Coalition 2.0: David Cameron and Nick Clegg use rail upgrade to put Government back on track
Show of unity after days of speculation – but plans for new policies scaled back after bruising Lords battle
Andrew Grice has been Political Editor of The Independent since 1998. He was previously Political Editor of The Sunday Times, where he worked for 10 years, and he has been a Westminster-based journalist since 1982. His column, Inside Politics, appears in The Independent each Saturday.
Tuesday 17 July 2012
David Cameron and Nick Clegg tried to breathe new life into the Coalition yesterday by insisting that it would last until 2015 and announcing that it would issue a report mapping its progress and unfinished business.
The Prime Minister and his deputy defied sceptics in their respective parties who have predicted in recent days that the Coalition will break up well before the planned 2015 election. At a joint press conference in Birmingham, they emphasised their "shared agenda" in an attempt to move on from their bruising battle over House of Lords reform last week.
A progress report, expected in September, will highlight how many of the 430 pledges in the Coalition Agreement signed in 2010 have been met, and how the remaining ones will be kept. However, plans for a new agreement with a raft of fresh policies for the second half of this parliament, dubbed "Coalition 2.0", have been scaled back in a recognition of both parties' desire to go their own way before the next election.
The "mid-term review" is likely to show that about 120 promises have been kept, about 200 are in progress, and the rest are either broken or hard to quantify.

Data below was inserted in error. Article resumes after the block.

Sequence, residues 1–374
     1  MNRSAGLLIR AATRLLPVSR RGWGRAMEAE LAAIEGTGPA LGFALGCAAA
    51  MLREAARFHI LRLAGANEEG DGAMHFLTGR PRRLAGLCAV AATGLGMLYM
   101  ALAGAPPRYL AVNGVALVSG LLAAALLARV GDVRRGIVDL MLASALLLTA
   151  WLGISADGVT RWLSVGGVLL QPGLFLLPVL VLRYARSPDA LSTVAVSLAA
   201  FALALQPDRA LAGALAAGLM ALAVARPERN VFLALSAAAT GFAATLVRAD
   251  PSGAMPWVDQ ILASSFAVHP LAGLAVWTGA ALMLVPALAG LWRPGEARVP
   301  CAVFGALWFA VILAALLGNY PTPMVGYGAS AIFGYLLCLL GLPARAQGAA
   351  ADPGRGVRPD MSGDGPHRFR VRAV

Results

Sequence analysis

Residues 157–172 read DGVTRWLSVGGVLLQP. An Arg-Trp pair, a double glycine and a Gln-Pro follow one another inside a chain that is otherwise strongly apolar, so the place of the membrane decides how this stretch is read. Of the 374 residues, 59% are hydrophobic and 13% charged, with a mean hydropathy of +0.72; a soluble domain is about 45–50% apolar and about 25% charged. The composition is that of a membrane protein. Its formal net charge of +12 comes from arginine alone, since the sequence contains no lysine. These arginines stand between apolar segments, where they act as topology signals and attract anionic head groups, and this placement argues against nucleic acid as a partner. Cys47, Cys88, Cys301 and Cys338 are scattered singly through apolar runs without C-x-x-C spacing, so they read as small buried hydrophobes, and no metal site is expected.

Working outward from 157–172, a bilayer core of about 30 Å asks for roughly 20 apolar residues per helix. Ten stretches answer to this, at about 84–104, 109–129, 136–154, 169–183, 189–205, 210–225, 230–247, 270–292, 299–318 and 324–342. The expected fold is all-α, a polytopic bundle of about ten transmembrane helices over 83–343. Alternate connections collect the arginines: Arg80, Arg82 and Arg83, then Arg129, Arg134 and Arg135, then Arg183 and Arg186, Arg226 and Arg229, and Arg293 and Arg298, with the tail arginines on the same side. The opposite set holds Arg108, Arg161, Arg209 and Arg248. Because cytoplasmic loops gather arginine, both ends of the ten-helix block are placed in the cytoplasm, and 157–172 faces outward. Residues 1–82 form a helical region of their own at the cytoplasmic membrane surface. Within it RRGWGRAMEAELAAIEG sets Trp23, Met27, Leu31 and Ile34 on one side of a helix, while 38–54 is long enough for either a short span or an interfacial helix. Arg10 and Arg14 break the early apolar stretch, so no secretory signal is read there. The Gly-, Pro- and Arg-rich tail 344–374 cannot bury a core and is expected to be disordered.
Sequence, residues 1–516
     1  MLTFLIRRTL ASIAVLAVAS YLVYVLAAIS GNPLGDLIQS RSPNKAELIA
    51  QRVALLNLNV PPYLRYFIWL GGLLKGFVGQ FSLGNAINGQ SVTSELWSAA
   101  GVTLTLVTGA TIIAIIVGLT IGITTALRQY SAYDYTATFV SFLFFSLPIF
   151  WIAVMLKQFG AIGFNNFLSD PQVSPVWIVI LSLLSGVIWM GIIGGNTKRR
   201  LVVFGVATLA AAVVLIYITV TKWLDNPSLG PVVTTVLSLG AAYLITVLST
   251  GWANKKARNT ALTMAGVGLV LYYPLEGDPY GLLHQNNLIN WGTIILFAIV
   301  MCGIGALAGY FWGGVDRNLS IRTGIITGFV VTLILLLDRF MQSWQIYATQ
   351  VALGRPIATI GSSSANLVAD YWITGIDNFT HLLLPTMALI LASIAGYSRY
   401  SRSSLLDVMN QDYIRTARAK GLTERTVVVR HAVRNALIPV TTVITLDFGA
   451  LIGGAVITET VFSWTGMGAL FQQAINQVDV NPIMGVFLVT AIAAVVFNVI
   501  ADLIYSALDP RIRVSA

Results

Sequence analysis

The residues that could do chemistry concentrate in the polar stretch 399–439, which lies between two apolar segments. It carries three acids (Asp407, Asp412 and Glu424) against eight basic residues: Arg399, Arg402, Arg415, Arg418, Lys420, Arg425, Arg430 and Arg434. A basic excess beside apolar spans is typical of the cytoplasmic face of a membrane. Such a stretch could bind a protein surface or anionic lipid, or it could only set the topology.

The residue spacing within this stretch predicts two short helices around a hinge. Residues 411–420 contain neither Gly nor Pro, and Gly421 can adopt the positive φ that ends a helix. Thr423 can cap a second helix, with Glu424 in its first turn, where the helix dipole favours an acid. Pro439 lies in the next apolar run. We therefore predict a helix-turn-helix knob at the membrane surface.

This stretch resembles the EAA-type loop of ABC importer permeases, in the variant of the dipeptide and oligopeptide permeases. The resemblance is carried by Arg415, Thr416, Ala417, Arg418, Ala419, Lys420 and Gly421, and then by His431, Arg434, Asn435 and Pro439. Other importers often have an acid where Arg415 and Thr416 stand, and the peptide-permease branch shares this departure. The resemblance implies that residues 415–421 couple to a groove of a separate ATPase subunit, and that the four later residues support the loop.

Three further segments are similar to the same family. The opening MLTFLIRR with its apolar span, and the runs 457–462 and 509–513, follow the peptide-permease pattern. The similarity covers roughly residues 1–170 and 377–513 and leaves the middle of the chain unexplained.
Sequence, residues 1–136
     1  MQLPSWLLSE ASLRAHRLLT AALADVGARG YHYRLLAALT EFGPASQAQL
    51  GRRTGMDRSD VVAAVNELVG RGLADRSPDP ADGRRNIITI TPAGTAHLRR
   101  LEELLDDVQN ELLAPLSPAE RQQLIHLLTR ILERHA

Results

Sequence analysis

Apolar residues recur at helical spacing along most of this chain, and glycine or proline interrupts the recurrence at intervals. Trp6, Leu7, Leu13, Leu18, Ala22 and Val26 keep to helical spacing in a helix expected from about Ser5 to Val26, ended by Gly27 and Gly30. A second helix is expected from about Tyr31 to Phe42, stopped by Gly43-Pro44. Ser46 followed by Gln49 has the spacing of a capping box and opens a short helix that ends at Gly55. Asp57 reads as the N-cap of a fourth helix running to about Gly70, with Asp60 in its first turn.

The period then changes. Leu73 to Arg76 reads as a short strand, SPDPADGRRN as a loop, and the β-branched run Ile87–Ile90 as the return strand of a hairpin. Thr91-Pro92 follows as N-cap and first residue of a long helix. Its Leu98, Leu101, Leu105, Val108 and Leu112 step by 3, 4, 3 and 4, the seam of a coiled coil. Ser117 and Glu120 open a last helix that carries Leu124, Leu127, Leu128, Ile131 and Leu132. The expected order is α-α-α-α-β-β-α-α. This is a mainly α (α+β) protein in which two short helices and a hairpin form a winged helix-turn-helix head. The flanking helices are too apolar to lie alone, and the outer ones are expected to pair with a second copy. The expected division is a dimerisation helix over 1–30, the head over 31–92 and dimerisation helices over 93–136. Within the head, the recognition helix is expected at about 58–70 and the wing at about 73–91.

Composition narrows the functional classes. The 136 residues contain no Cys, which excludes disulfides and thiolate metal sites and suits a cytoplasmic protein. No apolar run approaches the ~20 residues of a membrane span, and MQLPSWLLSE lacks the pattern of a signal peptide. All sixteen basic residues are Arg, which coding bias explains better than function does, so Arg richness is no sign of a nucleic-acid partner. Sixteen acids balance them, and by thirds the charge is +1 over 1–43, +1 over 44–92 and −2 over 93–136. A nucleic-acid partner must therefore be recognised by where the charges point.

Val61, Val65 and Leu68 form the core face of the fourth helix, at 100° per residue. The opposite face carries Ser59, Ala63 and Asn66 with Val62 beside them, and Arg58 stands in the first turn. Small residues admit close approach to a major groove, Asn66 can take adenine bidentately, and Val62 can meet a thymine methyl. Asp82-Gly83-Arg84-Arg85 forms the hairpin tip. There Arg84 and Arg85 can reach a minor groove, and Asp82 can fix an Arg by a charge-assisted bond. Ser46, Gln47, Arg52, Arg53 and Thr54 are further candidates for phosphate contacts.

The Conservative and Liberal Democrat leaders, who clashed in private over Lords reform last week, put on a show of public unity yesterday as they tried to reassure the financial markets and voters that their project has not run out of steam. Indeed, Mr Cameron argued that the deeper-than-expected economic gloom made their partnership even more valid and said he was "even more committed".
Insisting the Coalition still had "real purpose, a real mission," Mr Cameron added: "We get on better than most of the people who were at the top of the last few governments we can both remember, so I don't accept the warring couple analogy."
Mr Clegg played down the Lords row as one of the "bumps in the road" to be expected on an issue which excited strong opinions. He added: "I'd put a considerable amount of money on us seeing it through to 2015 because that is what we are committed to doing and that is what we will do."
The two leaders confirmed that the Government would spend an extra £4.2bn on what is being billed as the biggest modernisation of Britain's railway network since the Victorian era. But work will not start until 2014 and ministers hope for a more immediate boost to the economy from infrastructure projects to be announced by George Osborne, the Chancellor, later this week.